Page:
The internet is a great resource for older adults wishing to eat healthier. Check out the following websites:
- National Council on Aging – Healthy Eating Tips for Seniors
- National Institute on Aging – Healthy Eating as You Age: Know Your Food Groups and Healthy Meal Planning: Tips for Older Adults
- S. Department of Agriculture – Healthy Eating for Older Adults and MyPlate Kitchen
- EatingWell – Healthy Aging Recipes
Tips for Healthy and Enjoyable Eating
- Staying hydrated by drinking plenty of liquids throughout the day is a vital part of your diet. Of course, water is the best source of hydration, but you can also have coffee, tea and 100% fruit juice. It’s OK to add an occasional glass of wine with dinner.
- Add spices and herbs and omit salt. For flavor, add fresh or dried parsley, basil and oregano. Garlic and onion powders also add flavor.
- An excellent way to eat vegetables is by adding them to salads. Throw in some fresh fruit as well. Consider adding cooked or steamed veggies to pasta sauces and soups.
- Pass over the chips; instead, eat sliced carrots and celery with your dip.
- Plan ahead before grocery shopping. Make a list and stick to it. Although tempting, the “buy one, get one free” sales aren’t always the healthiest choices. Shop the outside aisles, where you’ll find fresh and nutritious foods.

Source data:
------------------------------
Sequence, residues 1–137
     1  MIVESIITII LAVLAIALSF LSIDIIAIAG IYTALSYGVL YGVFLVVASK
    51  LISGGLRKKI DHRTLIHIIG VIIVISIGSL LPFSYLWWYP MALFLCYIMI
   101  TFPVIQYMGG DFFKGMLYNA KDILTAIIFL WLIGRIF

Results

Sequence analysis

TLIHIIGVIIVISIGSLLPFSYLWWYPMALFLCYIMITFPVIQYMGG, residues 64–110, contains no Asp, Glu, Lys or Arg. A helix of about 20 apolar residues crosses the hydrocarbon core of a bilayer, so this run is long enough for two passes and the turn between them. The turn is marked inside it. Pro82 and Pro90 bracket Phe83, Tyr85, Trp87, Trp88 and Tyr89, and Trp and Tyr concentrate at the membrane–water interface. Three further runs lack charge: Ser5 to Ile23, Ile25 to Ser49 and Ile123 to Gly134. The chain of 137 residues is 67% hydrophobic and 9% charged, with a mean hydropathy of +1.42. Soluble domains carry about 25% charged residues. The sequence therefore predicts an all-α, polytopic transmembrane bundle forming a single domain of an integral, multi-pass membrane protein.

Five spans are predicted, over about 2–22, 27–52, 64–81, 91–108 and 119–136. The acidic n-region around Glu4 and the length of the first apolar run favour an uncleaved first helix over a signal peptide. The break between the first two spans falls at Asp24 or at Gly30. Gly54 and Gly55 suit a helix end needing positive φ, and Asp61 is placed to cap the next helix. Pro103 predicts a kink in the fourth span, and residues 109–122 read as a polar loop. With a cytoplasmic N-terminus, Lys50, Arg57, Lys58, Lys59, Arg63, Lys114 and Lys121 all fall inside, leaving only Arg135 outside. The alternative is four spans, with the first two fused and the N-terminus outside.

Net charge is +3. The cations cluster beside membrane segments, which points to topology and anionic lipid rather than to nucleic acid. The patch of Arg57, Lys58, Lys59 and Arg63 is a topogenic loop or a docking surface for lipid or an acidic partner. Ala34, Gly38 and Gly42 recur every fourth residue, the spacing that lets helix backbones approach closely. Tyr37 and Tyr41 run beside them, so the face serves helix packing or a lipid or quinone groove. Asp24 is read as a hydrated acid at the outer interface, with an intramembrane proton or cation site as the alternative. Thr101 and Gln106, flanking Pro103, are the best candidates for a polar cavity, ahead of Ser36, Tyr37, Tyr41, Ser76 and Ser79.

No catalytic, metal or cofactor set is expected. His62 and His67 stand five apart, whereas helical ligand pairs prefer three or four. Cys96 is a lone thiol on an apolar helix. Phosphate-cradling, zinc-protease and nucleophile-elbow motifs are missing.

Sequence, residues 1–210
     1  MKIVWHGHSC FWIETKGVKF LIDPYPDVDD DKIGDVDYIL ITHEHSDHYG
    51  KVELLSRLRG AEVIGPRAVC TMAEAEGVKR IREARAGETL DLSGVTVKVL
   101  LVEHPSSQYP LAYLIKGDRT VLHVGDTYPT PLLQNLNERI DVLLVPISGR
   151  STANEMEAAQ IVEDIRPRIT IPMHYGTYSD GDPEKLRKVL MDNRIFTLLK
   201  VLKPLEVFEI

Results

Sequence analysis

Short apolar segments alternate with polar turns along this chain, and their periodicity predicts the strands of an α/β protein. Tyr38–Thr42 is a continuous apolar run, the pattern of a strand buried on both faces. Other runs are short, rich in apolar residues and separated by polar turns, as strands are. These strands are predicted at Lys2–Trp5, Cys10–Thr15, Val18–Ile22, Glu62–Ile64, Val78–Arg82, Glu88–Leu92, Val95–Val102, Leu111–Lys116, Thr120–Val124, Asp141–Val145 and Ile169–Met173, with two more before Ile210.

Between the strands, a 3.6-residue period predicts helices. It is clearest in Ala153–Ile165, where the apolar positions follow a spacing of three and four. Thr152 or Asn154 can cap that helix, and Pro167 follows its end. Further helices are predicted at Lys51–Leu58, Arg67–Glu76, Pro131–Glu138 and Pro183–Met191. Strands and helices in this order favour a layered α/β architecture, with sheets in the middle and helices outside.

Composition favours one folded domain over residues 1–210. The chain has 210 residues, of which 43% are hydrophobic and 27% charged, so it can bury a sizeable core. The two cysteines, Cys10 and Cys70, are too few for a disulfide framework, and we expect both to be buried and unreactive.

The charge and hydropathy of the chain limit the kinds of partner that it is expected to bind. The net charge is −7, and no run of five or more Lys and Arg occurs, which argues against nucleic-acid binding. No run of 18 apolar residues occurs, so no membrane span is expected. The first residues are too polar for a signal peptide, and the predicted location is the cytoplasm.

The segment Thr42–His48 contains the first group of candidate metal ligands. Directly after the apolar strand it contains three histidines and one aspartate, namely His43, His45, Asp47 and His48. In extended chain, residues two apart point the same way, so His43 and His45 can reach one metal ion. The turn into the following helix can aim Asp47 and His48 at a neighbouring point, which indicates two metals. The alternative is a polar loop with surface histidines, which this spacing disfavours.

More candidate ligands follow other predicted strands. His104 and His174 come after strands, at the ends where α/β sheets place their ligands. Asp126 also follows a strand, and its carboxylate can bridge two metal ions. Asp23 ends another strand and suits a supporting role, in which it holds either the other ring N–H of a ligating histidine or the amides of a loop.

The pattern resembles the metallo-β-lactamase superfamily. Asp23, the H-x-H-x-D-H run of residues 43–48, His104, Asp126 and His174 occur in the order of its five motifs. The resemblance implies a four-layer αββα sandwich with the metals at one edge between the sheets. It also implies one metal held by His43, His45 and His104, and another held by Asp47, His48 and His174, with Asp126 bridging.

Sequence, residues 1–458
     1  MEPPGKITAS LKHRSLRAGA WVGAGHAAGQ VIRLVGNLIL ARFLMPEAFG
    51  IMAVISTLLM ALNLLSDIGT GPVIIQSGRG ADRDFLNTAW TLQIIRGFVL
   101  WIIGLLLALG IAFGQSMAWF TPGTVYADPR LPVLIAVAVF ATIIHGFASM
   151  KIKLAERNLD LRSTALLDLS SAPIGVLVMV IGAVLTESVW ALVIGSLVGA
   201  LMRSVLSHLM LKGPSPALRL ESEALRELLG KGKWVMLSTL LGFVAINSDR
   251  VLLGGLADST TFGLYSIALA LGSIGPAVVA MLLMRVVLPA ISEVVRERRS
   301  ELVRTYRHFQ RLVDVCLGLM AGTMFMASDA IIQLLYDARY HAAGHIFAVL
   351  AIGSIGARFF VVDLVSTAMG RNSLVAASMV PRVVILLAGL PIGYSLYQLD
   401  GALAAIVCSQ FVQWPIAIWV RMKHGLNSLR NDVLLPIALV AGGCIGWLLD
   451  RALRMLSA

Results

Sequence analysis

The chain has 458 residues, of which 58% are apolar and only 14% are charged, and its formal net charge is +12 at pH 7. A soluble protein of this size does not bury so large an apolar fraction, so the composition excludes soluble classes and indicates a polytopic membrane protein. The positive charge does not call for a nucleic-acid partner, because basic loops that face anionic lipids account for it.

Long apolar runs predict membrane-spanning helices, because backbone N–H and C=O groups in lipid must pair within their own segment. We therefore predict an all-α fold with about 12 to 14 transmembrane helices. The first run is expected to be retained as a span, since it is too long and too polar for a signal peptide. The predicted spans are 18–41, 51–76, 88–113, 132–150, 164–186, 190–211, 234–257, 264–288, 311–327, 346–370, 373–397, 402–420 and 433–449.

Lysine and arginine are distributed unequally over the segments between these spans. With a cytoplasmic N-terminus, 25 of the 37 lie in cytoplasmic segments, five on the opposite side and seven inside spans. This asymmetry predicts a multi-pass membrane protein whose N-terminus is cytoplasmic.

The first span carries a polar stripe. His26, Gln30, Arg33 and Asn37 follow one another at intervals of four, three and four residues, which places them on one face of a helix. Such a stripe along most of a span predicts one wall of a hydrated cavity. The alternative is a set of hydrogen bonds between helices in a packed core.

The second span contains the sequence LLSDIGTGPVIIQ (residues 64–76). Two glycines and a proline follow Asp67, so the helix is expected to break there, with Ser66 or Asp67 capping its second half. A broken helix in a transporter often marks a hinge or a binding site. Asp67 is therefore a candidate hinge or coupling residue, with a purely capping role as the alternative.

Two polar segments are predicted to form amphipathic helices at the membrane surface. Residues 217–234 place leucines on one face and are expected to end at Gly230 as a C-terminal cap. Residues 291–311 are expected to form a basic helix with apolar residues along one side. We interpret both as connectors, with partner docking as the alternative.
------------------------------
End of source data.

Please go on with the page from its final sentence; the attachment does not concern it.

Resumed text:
- Skip the vegetable oil, shortening and butter when frying foods. Use olive oil instead. Try it the next time you want your eggs over easy.
- Prepare meals that are more than you need to eat for the day so that you can refrigerate or freeze them for another day.
What To Do if You Need Help Eating Well
If transportation is an obstacle that prevents you from shopping, consider using a grocery delivery service. From your computer or smartphone, visit your grocery store website or app. Make a list, choose a delivery date and time, and pay with a credit or debit card.
If mobility is a problem, enlist a friend or loved one to help prepare meals that can be refrigerated or frozen. Right at Home’s companion care can help with shopping and preparing nutritious meals.
If you can’t afford healthy foods, the Supplemental Nutrition Assistance Program (SNAP) may be an option. SNAP provides funding to supplement the food budget of individuals or families so they can purchase healthy food.
If chewing or swallowing is a problem, visit your dentist. You might try mashing your vegetables and fruits and consuming soft, high-protein foods such as eggs, ground turkey and lean ground beef.
As always, consult with your health care provider before taking supplements.
Eating Well for a Long, Healthy Life
A healthy diet keeps your bones strong, strengthens your muscles and heart, and makes your skin glow. If you’re not eating healthy, give it a try. And remember, you really are what you eat.
Professional In-Home Care Can Help
If you are an older adult who needs assistance with shopping for groceries and preparing healthy meals or reminders of how to incorporate your physician’s recommendations into your diet, Right at Home’s professionally trained caregivers can help. We follow a five-step process to ensure you get the care you need and the right person to help. Use our office locator to find your local Right at Home office and ask for a FREE in-home consultation.